A year before the arrival of Archie Griffin, the 1971 Buckeyes were in a transition year. After finishing 9-1 with a No. 2 ranking in the AP Poll before a Rose Bowl defeat at the hands of Stanford, the Bucks lost 17 starters to graduation, including quarterback Rex Kern, hard-hitting safety Jack Tatum, and linemen Jim Stillwagon.
Starting at quarterback for the new-look Buckeyes would be senior Don Lamka, a back-up defensive back for the past two seasons. Lamka, hailing from Cleveland and "the most sought-after quarterback in the Midwest" in 1967, had not played quarterback since arriving in Columbus.
Despite the new faces all over the field, the Bucks started the season strong. Ohio State defeated Iowa 52-21 in a muddy game that saw the two teams combine for nine fumbles. Lamka ran for 100 yards and four touchdowns while throwing for another 60 yards but fumbled on his first career snap.
Because of the inconsistent first game from the senior in Week One, no one could have expected what would happen next.
The next week, Colorado came to Columbus where Ohio State was riding a 19-game home win streak. For three quarters, however, the Buckeye offense was silent as the home team was down 13-0 heading into the fourth. Then, Lamka came alive to give the Bucks a chance.
Given a short field after a good punt return, Lamka's first pass drew a pass interference call, pushing the offense just outside the red zone. Then, a long pass put the Bucks on the goal line, which Lamka rushed in a couple of plays later.
With five minutes to play, Hayes opted for an onside kick. The Bucks failed to recover, giving Colorado a short field; the Buffaloes extended their lead to 20-7.
With three-and-a-half minutes remaining, Lamka threw five straight completions for 67 yards to give the Buckeyes their second touchdown in the last three minutes. He connected with Rick Middleton for the 14-yard score.
Hayes then opted for another onside kick, which was recovered successfully by the home team. A penalty, however, came down for illegal touching, stating the Buckeyes had recovered the ball before it traveled ten yards.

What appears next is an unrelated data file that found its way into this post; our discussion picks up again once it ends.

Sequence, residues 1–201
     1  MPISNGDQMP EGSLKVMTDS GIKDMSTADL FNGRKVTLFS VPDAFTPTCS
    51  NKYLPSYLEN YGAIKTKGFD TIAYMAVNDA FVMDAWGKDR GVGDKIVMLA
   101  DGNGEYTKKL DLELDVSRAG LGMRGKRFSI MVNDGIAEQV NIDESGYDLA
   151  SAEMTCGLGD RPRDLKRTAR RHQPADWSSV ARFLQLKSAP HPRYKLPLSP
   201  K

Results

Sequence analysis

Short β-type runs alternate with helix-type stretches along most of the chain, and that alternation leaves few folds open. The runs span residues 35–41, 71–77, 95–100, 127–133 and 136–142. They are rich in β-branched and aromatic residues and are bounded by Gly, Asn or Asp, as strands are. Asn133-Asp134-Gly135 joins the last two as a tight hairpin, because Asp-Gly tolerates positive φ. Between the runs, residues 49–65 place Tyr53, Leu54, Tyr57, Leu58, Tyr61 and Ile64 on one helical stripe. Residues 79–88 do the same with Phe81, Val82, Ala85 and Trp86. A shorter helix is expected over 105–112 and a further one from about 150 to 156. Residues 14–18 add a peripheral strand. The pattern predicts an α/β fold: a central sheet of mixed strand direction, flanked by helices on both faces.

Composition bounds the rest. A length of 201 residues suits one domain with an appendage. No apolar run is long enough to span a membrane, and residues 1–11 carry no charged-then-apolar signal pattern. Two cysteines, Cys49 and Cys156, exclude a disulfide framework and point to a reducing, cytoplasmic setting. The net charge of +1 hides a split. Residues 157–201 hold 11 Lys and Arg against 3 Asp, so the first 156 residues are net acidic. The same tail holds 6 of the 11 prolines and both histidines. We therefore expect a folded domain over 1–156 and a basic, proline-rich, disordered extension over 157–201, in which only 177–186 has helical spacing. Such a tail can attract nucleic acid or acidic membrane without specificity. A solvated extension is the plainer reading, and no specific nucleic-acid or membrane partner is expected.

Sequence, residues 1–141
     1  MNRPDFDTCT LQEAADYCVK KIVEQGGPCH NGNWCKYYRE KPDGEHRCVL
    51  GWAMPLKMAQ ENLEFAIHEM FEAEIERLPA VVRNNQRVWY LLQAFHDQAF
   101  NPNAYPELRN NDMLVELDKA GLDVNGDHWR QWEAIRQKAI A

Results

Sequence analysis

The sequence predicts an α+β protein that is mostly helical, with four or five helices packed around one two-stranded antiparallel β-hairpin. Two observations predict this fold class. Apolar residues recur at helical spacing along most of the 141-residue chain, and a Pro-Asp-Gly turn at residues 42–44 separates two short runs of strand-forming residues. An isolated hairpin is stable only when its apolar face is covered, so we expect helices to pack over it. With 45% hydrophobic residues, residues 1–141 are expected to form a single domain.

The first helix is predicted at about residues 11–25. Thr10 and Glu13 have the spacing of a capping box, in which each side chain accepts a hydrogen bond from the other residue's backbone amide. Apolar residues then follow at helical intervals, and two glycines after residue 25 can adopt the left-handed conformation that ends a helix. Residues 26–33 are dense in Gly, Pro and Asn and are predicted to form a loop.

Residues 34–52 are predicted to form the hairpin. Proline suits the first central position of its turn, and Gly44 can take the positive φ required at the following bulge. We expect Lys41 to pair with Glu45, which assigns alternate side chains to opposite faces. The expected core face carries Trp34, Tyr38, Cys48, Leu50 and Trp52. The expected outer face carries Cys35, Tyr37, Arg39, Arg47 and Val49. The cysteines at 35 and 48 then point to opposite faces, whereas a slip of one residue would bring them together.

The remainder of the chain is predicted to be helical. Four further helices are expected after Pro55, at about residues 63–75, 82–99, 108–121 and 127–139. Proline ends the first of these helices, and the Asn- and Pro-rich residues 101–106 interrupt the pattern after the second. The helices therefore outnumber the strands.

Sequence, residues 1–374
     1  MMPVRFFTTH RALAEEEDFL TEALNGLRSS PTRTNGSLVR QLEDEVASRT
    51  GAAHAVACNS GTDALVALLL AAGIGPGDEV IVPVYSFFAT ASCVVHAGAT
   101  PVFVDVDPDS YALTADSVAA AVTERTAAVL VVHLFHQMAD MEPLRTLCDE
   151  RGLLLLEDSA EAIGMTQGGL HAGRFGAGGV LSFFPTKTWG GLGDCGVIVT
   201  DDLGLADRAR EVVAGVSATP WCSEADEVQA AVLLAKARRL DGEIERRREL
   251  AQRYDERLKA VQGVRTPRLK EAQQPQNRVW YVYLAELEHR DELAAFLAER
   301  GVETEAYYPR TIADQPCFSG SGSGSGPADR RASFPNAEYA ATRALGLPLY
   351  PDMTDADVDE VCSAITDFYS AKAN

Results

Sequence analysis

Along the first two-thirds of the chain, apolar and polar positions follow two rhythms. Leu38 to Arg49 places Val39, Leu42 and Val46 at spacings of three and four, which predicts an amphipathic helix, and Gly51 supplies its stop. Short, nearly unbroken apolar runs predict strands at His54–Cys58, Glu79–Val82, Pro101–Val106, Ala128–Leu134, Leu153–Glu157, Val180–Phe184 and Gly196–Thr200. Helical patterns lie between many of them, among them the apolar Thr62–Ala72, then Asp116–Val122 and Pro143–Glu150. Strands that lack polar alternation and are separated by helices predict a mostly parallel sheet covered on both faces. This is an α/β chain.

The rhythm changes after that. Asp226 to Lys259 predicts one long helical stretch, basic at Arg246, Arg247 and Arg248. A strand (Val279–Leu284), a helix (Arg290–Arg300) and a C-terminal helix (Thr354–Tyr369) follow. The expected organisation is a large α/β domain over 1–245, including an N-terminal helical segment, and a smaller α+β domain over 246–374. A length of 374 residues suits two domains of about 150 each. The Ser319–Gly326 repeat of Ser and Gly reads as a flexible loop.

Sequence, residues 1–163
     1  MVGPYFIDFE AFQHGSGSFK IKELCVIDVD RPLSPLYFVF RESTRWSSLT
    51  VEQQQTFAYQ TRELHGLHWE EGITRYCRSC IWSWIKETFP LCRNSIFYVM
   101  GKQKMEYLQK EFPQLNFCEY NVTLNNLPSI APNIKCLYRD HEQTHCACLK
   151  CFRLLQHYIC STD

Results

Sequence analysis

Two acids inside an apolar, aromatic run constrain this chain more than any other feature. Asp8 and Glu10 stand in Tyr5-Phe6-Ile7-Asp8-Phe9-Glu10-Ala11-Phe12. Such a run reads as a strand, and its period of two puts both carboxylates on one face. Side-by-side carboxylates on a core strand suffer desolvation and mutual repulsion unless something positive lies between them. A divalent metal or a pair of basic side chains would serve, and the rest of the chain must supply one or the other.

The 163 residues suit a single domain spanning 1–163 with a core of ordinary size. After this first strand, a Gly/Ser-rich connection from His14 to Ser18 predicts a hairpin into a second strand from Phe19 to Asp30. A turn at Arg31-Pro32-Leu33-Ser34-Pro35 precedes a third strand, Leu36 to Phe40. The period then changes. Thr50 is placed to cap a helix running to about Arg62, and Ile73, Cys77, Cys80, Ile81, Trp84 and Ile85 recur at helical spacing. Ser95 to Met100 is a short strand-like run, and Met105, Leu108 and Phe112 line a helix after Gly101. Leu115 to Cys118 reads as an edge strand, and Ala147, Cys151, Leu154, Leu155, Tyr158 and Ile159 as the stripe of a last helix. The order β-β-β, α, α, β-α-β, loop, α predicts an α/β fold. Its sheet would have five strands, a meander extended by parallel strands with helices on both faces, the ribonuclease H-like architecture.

After forcing a three-and-out, however, the Buckeyes still had a chance. There was 1:05 on the clock and 95 yards to go. Lamka, however, could not repeat his magic from the previous drive. After completing two passes to his own 43-yard line, his final throw fell incomplete as the clock ran out.
Despite the loss and poor offensive performance for much of the game, Lamka made history; he was the first Buckeye in program history to account for 300 yards of offense. His 255 passing yards while completing 60.6% of his passes and 60 rushing yards on 23 attempts pushed him to an Ohio State record.
Ohio State's rushing attempts against Colorado yielded just 2.59 yards per attempt while the Bucks averaged 7.73 yards per pass. The difference in yards led Hayes, most famous for his "three yards and a cloud of dust" philosophy, say "If I had known what I know now, I would have gone to the passing game a lot sooner".
The Buckeyes, however, would not lean on Lamka for the rest of the season. The senior ended the year with just 718 passing yards and two passing touchdowns, meaning his game against Colorado accounted for over 35% of his career passing yards and 50% of his career passing touchdowns.
Cornelius Greene matched his 300-yard mark in 1974. It has since been repeated a number of times.
The 1971 team finished 6-4 and had 39 different players start throughout the year. The Buckeyes finished the season on a three-game losing streak and could not claim a part of the Big Ten title for the first time in four years, a trend that begin again in 1972.